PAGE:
Read CHAPTER II - Another Second Son of My Brave and Gallant Gentleman, free online book, by Robert Watson, on

I strolled down the avenue, between the tall trees and on to the broad, sun-baked roadway leading to the sleepy little village of Brammerton, which lay so snugly down in the hollow. Swinging my stout stick and whistling as I went, I felt at peace with the good old world. My head was clear, my arm was strong; rich, fresh blood was dancing in my veins; I was young, single, free; so what cared I?

As I walked along, I saw ahead of me a thin line of blue-grey smoke curling up from the roadside. As I drew nearer, I made out the back of a ragged man, leaning over a fire. His voice, lusty and clear as a bell, was ringing out a strange melody. I went over to him.

I was looking over his shoulder, yet he seemed not to have heard me, so intent was he on his song and in his work.

He was toasting the carcass of a poached rabbit, the wet skin of which lay at his side. He was a dirty, ragged rascal, but he seemed happy and his voice was good. The sentiment of his song was not altogether out of harmony with my own feelings.

“A carter swore he’d love always
A skirt, some rouge, a pair of stays.
After his vow, for days and days,
He thought himself the smarter.”

The singer bit a piece of flesh from the leg of his rabbit, to test its tenderness, then he resumed his toasting and his song.

“But, underneath the stays and paint
He found the usual male complaint:
A woman’s tongue, with Satan’s taint;
A squalling, brawling tartar.

“She scratches, bites and blacks his eye.
His head hangs low; he heaves a sigh;
He longs for single days, gone by.
He’s doomed to die a martyr.”

The peculiar fellow stopped, opened a red-coloured handkerchief, took out a hunk of bread and set it down by his side with slow deliberation. It was quite two minutes ere he started off again.

“Now, friends, beware, take my advice;
When eating sugar, think of spice;
Before you marry, ponder twice:
Remember Ned the carter.”

From the words, it seemed to me that he had finished the song, but, judging from the tune, it was never-ending.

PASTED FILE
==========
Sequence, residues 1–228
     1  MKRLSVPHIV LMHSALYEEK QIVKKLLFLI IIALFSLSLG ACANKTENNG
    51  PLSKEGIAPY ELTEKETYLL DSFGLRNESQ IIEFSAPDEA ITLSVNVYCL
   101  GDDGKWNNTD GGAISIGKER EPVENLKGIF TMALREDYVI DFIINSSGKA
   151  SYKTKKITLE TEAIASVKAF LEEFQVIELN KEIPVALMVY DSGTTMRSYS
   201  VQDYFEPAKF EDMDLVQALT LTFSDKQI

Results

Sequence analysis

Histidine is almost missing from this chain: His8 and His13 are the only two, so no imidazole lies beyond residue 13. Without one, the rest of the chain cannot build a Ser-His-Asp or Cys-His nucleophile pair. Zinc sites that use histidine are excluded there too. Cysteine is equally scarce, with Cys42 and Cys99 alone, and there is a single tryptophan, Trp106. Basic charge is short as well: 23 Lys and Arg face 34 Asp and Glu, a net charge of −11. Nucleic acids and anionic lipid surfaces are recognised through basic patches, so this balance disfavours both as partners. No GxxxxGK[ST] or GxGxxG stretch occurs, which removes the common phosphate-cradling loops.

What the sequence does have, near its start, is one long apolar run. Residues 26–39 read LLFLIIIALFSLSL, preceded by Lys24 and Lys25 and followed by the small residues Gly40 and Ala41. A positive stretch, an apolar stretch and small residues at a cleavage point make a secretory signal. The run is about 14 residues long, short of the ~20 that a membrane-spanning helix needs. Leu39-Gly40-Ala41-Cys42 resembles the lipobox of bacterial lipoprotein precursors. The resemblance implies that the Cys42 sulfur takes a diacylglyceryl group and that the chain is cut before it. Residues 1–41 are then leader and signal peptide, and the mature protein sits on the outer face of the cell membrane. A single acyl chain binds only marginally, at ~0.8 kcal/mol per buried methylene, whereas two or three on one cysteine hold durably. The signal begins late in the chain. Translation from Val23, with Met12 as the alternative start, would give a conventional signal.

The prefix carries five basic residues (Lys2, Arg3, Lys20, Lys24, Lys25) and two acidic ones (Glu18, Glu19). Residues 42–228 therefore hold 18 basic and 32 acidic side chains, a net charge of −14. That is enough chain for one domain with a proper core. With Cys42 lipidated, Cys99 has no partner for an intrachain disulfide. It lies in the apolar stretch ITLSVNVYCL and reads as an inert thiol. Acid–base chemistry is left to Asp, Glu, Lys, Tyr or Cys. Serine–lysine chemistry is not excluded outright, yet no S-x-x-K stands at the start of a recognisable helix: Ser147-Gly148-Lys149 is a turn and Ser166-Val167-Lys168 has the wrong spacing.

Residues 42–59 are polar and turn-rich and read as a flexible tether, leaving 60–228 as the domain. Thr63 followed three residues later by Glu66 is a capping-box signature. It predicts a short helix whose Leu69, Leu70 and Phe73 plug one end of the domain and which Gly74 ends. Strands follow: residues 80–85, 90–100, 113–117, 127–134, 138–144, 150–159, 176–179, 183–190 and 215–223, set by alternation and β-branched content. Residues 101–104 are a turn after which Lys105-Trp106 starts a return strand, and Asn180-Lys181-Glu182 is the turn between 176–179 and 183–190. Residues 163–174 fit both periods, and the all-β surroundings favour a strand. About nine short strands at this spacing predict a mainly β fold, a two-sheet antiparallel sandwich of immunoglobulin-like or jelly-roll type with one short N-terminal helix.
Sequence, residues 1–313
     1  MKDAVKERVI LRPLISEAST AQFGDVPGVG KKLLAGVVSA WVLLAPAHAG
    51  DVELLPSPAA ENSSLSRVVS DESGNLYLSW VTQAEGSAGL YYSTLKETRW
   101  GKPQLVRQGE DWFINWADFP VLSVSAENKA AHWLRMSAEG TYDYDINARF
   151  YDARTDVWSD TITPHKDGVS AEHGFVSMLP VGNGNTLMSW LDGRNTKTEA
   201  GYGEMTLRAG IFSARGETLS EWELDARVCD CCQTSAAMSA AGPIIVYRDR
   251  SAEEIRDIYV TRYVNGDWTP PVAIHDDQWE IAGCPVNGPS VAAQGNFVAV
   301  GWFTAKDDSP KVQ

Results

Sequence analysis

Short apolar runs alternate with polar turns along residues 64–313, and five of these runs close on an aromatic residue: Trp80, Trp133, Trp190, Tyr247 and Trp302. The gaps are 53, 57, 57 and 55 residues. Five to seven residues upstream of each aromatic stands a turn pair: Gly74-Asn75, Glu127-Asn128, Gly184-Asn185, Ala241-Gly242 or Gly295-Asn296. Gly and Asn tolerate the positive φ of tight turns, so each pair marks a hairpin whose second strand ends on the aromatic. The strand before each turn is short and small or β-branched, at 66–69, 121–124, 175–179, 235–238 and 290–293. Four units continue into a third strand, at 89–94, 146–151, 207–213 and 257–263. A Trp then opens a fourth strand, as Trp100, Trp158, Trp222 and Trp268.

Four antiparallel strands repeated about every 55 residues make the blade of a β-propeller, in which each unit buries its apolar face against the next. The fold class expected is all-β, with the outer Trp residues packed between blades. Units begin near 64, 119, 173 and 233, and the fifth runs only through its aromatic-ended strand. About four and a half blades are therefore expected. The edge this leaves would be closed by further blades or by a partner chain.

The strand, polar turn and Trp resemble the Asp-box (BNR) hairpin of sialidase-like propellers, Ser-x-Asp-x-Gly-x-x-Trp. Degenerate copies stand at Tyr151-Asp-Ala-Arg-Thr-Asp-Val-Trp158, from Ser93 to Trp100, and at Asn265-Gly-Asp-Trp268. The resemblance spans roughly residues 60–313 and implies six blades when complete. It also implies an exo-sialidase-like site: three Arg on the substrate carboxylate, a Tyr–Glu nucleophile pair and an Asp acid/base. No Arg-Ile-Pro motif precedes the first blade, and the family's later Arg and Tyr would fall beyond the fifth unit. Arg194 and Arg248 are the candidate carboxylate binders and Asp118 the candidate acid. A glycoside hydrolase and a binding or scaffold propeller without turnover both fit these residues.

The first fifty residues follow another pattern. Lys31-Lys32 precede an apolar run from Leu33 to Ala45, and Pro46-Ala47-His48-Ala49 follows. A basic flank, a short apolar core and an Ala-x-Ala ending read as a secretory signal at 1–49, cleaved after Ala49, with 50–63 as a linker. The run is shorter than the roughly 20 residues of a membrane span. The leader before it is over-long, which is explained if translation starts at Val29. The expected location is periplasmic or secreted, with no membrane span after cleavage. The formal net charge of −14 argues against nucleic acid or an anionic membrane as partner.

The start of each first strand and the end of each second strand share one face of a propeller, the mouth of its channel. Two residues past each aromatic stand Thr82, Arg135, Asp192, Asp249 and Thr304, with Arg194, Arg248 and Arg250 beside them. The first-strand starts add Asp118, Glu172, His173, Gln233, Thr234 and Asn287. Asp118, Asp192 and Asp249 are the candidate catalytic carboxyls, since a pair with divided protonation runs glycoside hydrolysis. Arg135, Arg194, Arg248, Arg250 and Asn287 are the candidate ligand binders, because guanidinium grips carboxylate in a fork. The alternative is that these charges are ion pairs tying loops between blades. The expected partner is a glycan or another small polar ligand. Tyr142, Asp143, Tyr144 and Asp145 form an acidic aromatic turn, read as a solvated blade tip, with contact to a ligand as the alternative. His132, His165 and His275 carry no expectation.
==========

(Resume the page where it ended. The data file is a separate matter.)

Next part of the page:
“A fine song, my good fellow,” I remarked from behind.

The rascal did not turn round.

“Oh! it’s no’ so bad. It’s got the endurin’ quality o’ carrying a moral,” he answered.

“You seem to be clear in the conscience yourself,” said I.

“It’ll be clearer when I get outside o’ this rabbit,” he returned, still not deigning to look at me.

“But you did not seem to be startled when I spoke to you,” I remarked in surprise.

“What way should I? I never saw the man yet that I was feart o’. Forby, I kent you were there.”

“But, how could you know? I did not make a noise or display my presence in any way.”

“No! but the wind was blawin’ from the back, ye see; and when ye came up behind the smoke curled up a bit further and straighter than it did before; then there was just the ghost o’ a shadow.”

I laughed. “You are an observant customer.”

“Oh, ay! I’m a’ that. Come round and let me see ye.”

I obeyed, and he seemed satisfied with his inspection.

“Sit doon, oot o’ the smoke,” he said.

I did so.

“You are Scotch?” I ventured.

“Ay! From Perth, awa’.

“A Scotch tinker?”

“Just that; a tinker from Perth, and my name’s Robertson. I’m a Struan, ye ken. The Struans, the real Struans, are a’ tinkers or pipers. In oor family, my elder brother fell heir to my father’s pipes, so I had just to take to the tinkering. But we’re joint heirs to my father’s fondness for a dram. Ye havena a wee drop on ye?”

“Not a drop,” I remarked.

“That’s a disappointment. I was kind o’ feart ye wouldna, when I asked ye.”

“How so?”

“Oh! ye don’t look like a man that wasted your substance. More like a seller o’ Bibles, or maybe a horse doctor.”

I laughed at the queer comparison, and he looked out at me from under his shaggy, red eyebrows.

“Have a bite o’ breakfast wi’ me. I like to crack to somebody when I’m eatin’. It helps the digestion.”